On Saturday, Sept. 11, Fox's venerable police documentary series "Cops" launches its 23rd season with its 800th episode.
But there are still places where executive producer John Langley's camera crews are not welcome to shoot police activity.
"Chicago," Langley says, "and Honolulu. In the case of Honolulu, I think it's because the Hawaiian Visitors Bureau is very strong, and they're afraid that it will somehow suggest to tourists that there is crime in Hawaii. God forbid that notion, right?"
Asked if the bureau is aware that CBS' reimagined version of the pistol-packing crime drama "Hawaii 5-0" is shooting in the Aloha State right now, Langley says, "Fictional crime is OK, but if it's real crime
there's a tendency amongst some city fathers to avoid the topic. They want to pretend that it doesn't exist."
One could understand sunny Honolulu's reluctance to show its dark underbelly to surfers and beach bunnies, but when asked what rough-and-tumble Chicago's excuse is, Langley says, "I don't know. It's an entrenched bureaucracy. I think everything depends on what the mayor wants, and maybe the mayor doesn't want us there."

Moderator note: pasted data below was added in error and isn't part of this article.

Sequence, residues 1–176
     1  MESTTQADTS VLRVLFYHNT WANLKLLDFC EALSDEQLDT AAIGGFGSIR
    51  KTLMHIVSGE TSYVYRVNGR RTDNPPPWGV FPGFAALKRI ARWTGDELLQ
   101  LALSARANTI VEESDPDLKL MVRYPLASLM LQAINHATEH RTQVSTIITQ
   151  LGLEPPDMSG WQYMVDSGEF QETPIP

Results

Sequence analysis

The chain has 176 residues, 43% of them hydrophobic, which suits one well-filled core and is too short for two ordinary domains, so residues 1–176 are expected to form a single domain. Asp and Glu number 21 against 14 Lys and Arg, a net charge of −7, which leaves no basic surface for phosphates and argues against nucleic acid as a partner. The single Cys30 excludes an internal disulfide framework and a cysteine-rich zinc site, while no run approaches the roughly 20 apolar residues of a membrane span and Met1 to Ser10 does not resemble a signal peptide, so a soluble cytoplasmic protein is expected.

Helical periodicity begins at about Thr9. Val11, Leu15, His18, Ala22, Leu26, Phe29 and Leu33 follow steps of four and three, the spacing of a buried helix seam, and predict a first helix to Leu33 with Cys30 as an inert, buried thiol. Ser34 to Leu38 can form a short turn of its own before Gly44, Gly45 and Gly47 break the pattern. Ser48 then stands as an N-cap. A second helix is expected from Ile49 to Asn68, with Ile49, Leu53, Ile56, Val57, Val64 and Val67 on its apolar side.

But Langley has found a way in, more or less, for episodes that just finished filming for the new season.
"We filmed with the Cook County Sheriff's Department," he says, "so we have filmed in the Chicago area. We're an invitational show. We don't go where we're not wanted."
At least one tourist destination doesn't mind "Cops" being in town.
"We, of course, shot in Las Vegas," says Langley, "and that doesn't seem to deter tourism."
While Hawaii has given "Cops" the cold shoulder, Alaska extended a warm welcome. Langley recalls an episode in which an Alaska state trooper talked down an angry suspect.
"I said, 'You showed a lot of restraint and compassion and understanding for this guy,' " says Langley. "He said, 'Listen, we have long nights here and long days, and I have to live with everybody here.' "